Shimano Lucanus Jigs: Deadly Fishing
There are basically three ways to fish the Lucanus jig, and when you look at the back of the jig, you’ll find two holes to tie to. With the regular rigging method, just tie it right to the top of the fixture and let the fixture drop right to the bottom. This method is good for slow currents and fishing in shallow water up to 200 feet. You can fish any size jig with this basic jig.
When the current is very fast or you want to fish deeper than 200 feet, you should use both loops and outfit the Lucanus pilker with an additional weight. You will need smaller bait, so 60- to 80-gram pilkers will be the right choice.
A third hybrid method uses a combination of two Lucanus jigs, also one large one on the bottom and a smaller one seven or eight feet up the line is possible. It is important to check local regulations regarding the number of hooks allowed. For example, using this third method is illegal in California, where only two hooks are allowed.
The Lucanus Jig is easy to cast with 3 to 7 ounces. by weight, depending on the size of the lure, this lure is easy to cast from both above and below. In most cases, throwing range outside the boat is not the biggest problem, and placing the lure away from the boat in the right direction is easy to do with an underhand throw. It’s a good idea to learn how to cast from under the arm in close quarters, as this is the bait you are likely to use on the party boat.
Once the Lucanus jig reaches the bottom, you will want to start reeling slowly, and I mean slower. The slower you fish the Lucanus pilker, the more fish you will catch, not necessarily because you will get more bites, but because you will catch more fish that actually bite. Give the fish a chance to get hooked on the little hooks. At first it was hard to keep from spinning once I felt the first few clicks at the end of the line, but I found that many fish were just checking the skirts, when a fish does get hooked, you will see and feel the load on the rod. If no fish are caught on a Lucanus pilker for a while, move the lure up through the water column about ten feet and drop it back down again, this will usually get enough attention to get a few bites.
During our tests, Lucanus jigs worked as well or even better than traditional tackle, probably because it was something the fish hadn’t seen before, but also because we spent more time working the jig and less time on the hook. Because the Lucanus jig hooks are so small and somewhat protected by the skirt, the bait gets hooked much less than traditional rods and diamondbacks with triple hooks on the bottom.
Each fisherman has his own technique for fishing on the jig. It depends on the design and quality of the spinning rod and the personal skills of the hunter. Watch the video, which explains in detail what and how.
1. A Shimano Lucanus Jig
2. A spin-cast or baitcasting reel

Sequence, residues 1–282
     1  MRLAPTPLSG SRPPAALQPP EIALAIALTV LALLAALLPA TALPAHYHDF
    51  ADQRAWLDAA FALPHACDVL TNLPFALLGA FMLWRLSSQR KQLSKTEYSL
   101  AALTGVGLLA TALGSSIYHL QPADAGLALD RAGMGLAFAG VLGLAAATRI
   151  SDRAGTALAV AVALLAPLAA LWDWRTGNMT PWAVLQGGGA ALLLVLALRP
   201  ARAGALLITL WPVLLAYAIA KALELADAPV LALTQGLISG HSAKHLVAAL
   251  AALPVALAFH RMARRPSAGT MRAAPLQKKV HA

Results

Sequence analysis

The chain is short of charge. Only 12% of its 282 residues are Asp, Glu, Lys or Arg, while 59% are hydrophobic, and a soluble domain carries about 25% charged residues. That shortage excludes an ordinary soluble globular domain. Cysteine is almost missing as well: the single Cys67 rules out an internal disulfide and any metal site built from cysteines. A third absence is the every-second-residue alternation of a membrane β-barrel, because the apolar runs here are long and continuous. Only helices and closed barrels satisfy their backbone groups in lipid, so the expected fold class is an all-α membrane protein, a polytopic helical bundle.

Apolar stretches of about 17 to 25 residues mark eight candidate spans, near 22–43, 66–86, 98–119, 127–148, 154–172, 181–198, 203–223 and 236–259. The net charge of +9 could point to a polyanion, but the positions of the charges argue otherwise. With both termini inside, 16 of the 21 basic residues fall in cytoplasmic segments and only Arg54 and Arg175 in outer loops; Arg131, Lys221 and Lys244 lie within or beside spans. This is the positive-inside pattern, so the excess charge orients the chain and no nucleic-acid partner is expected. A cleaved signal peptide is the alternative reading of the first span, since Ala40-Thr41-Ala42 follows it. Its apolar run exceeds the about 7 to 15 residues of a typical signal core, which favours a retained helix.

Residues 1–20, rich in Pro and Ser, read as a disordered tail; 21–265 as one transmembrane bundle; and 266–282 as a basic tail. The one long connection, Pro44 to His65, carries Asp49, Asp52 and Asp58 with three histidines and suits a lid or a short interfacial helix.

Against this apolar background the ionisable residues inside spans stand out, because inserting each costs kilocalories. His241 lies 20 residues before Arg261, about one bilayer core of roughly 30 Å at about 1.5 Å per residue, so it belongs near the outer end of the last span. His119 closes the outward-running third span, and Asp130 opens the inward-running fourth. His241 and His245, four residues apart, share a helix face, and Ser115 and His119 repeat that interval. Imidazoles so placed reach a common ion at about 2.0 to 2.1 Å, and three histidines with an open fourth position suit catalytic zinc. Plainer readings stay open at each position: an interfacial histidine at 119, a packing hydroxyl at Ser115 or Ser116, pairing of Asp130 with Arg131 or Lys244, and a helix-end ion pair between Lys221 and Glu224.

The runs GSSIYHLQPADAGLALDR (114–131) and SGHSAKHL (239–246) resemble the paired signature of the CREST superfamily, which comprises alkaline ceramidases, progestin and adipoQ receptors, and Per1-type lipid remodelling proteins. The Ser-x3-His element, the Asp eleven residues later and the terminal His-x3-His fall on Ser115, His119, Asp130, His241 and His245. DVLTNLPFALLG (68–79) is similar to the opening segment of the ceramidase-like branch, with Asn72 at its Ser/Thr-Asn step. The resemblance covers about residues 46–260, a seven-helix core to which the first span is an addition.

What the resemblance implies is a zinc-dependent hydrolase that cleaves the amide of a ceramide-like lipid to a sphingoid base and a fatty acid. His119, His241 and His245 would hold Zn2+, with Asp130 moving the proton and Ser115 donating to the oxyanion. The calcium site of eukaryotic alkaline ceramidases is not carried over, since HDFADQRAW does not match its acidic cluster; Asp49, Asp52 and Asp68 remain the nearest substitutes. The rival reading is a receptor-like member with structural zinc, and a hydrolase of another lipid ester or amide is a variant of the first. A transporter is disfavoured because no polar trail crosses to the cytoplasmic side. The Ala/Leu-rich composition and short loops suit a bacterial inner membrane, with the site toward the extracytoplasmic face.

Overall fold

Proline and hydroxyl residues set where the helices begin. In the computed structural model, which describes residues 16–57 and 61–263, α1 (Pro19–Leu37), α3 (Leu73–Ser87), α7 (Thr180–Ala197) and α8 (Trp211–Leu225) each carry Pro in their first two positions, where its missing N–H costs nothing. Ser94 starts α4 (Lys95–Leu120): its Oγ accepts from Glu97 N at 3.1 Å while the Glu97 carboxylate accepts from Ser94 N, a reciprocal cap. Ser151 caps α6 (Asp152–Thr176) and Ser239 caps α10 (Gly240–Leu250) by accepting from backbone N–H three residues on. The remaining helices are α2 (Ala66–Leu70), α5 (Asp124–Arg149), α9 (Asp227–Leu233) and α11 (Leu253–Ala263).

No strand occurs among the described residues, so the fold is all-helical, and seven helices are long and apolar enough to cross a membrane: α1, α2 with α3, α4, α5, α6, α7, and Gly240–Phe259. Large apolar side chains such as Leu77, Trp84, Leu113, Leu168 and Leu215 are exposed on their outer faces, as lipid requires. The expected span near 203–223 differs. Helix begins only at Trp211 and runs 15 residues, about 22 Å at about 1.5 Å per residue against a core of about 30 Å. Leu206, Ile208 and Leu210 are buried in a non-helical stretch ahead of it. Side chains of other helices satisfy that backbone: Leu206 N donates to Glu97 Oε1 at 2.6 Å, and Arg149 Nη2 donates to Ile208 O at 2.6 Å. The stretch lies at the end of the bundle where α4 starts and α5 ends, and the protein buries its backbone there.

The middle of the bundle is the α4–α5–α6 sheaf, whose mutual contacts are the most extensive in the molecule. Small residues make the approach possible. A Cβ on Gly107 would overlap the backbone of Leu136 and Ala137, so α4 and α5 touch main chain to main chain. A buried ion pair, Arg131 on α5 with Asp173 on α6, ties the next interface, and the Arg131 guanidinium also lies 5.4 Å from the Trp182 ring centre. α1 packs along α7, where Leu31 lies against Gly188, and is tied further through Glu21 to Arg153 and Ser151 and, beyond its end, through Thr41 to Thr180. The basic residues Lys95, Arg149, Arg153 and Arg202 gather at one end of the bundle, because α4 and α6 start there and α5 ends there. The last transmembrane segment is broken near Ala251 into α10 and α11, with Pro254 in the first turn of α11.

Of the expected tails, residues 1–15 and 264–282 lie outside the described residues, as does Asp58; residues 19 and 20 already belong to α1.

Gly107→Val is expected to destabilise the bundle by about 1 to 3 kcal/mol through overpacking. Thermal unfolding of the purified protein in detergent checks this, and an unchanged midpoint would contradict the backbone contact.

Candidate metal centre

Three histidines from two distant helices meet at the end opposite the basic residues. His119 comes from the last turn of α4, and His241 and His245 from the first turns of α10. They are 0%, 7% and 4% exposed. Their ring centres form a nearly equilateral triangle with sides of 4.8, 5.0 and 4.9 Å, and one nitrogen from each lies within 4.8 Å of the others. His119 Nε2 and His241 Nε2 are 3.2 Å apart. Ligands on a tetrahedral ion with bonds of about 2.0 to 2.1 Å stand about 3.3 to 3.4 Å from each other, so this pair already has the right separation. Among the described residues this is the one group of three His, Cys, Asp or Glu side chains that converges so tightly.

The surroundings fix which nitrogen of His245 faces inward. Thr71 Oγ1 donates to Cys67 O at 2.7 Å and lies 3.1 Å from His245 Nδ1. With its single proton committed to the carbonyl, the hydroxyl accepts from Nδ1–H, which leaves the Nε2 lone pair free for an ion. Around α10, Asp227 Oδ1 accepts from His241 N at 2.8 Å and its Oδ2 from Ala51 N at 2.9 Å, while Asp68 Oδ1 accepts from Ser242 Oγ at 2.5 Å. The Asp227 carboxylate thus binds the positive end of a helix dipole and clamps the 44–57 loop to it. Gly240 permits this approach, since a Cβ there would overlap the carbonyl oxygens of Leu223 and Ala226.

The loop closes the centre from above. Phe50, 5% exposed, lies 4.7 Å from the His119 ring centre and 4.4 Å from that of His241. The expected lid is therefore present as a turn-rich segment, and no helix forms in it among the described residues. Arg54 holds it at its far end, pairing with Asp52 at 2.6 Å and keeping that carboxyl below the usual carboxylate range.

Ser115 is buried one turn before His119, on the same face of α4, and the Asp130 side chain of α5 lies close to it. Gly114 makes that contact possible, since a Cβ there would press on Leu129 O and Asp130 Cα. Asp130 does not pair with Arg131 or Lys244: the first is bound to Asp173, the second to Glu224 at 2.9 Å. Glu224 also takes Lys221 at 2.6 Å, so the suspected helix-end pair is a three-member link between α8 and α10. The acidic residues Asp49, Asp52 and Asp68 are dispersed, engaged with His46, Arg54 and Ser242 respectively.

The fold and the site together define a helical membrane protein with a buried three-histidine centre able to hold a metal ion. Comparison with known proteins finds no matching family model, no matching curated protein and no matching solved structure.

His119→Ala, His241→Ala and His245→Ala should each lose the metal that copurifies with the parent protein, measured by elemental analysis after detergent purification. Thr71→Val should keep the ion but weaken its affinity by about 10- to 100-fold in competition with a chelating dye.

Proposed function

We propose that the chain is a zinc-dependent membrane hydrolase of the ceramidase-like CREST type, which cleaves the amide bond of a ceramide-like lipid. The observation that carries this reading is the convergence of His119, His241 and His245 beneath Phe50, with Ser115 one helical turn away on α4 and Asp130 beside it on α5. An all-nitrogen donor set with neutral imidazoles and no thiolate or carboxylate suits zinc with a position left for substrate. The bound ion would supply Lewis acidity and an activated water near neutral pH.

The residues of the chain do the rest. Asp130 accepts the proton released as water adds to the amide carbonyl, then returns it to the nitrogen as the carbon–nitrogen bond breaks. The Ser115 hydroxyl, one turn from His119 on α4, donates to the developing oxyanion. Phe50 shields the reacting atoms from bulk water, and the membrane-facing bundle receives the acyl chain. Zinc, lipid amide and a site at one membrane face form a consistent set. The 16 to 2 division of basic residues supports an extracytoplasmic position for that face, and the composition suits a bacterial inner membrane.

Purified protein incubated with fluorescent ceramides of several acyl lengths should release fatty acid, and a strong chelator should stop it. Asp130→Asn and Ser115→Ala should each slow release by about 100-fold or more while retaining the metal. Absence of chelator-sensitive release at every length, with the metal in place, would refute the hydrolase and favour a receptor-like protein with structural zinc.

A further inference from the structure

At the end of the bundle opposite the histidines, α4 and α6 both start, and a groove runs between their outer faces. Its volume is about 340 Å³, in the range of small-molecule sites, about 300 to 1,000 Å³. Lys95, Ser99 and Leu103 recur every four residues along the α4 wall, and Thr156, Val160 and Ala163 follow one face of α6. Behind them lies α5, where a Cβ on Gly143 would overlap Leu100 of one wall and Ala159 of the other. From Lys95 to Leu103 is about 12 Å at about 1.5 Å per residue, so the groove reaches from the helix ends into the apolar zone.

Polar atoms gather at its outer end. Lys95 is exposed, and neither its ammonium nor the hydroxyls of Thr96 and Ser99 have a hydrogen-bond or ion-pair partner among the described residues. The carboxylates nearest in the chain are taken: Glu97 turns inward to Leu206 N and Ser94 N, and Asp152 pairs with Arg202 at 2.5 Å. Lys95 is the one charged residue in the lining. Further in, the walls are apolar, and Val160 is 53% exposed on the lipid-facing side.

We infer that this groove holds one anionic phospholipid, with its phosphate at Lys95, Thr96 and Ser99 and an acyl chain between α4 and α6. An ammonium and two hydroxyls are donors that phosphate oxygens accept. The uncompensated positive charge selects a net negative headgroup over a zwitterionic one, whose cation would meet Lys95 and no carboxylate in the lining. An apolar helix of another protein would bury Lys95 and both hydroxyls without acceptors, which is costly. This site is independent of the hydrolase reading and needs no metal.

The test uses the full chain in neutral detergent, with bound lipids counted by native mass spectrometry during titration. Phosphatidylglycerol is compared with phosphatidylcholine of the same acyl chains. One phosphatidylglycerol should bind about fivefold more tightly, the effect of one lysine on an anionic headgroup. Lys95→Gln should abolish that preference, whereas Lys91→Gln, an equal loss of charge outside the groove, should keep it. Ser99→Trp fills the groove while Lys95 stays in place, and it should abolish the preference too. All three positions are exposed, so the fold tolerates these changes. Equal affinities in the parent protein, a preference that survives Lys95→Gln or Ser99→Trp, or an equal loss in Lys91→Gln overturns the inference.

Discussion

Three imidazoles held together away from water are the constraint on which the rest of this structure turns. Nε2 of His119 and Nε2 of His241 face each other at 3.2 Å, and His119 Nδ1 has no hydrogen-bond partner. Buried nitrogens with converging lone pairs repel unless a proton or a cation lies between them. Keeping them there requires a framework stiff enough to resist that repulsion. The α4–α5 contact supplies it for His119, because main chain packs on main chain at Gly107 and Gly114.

3. 10-15 pound monofilament line
4. 6-12 pound fluorocarbon leader
5. 1/0-3/0 circle hook
6. Soft plastic baits in earth tones (brown, green, pumpkinseed)
7. Baitcasting rod rated for 12-25 pound test line
8. Boat or pier with a casting platform
The best way to fish a Shimano Lucanus Jig is with a slow, steady retrieve. Cast the jig out and let it sink to the bottom. Once it hits the bottom, start reeling in at a rate of about one foot per second. As you reel, the jig will hop along the bottom, imitating a wounded baitfish.
First, you’ll need a good rod and reel for jigging. A 7-foot medium-heavy or heavy rod matched with a high-speed reel (such as Shimano’s Stella) is ideal. Next, you’ll need some quality lures. Shimano’s Lucanus jigs are designed specifically for this type of fishing and are available in several sizes and colors.
Once you have your gear ready, it’s time to start learning the techniques. Jigging involves using short, quick motions to raise and lower your lure in the water. This action imitates the movements of a wounded baitfish, which is often what attracts predators.
When fishing with a Shimano Lucanus jig, start by casting out and letting the jig sink to the bottom. Once it hits bottom, begin reeling in at a rate of about one foot per second. As you reel, the jig will hop along the bottom. When a fish strikes, reel in quickly to set the hook.
With this fishing method, it’s important to use the right equipment and master the proper techniques. By following these tips, you’ll be well on your way to success when fishing with a Shimano Lucanus jig.
1. Choose the right rod and reel – For Shimano Lucanus jigging, you’ll need a heavy-duty rod and reel with a fast retrieve rate. A 6’6″ or 7′ rod will work well, and you’ll need at least a 30-size reel.
2. Use the right bait – Shimano Lucanus jigs are designed to resemble prey fish like menhaden or mullet. You can use natural bait like live bait or cut bait, or you can use artificial lures.
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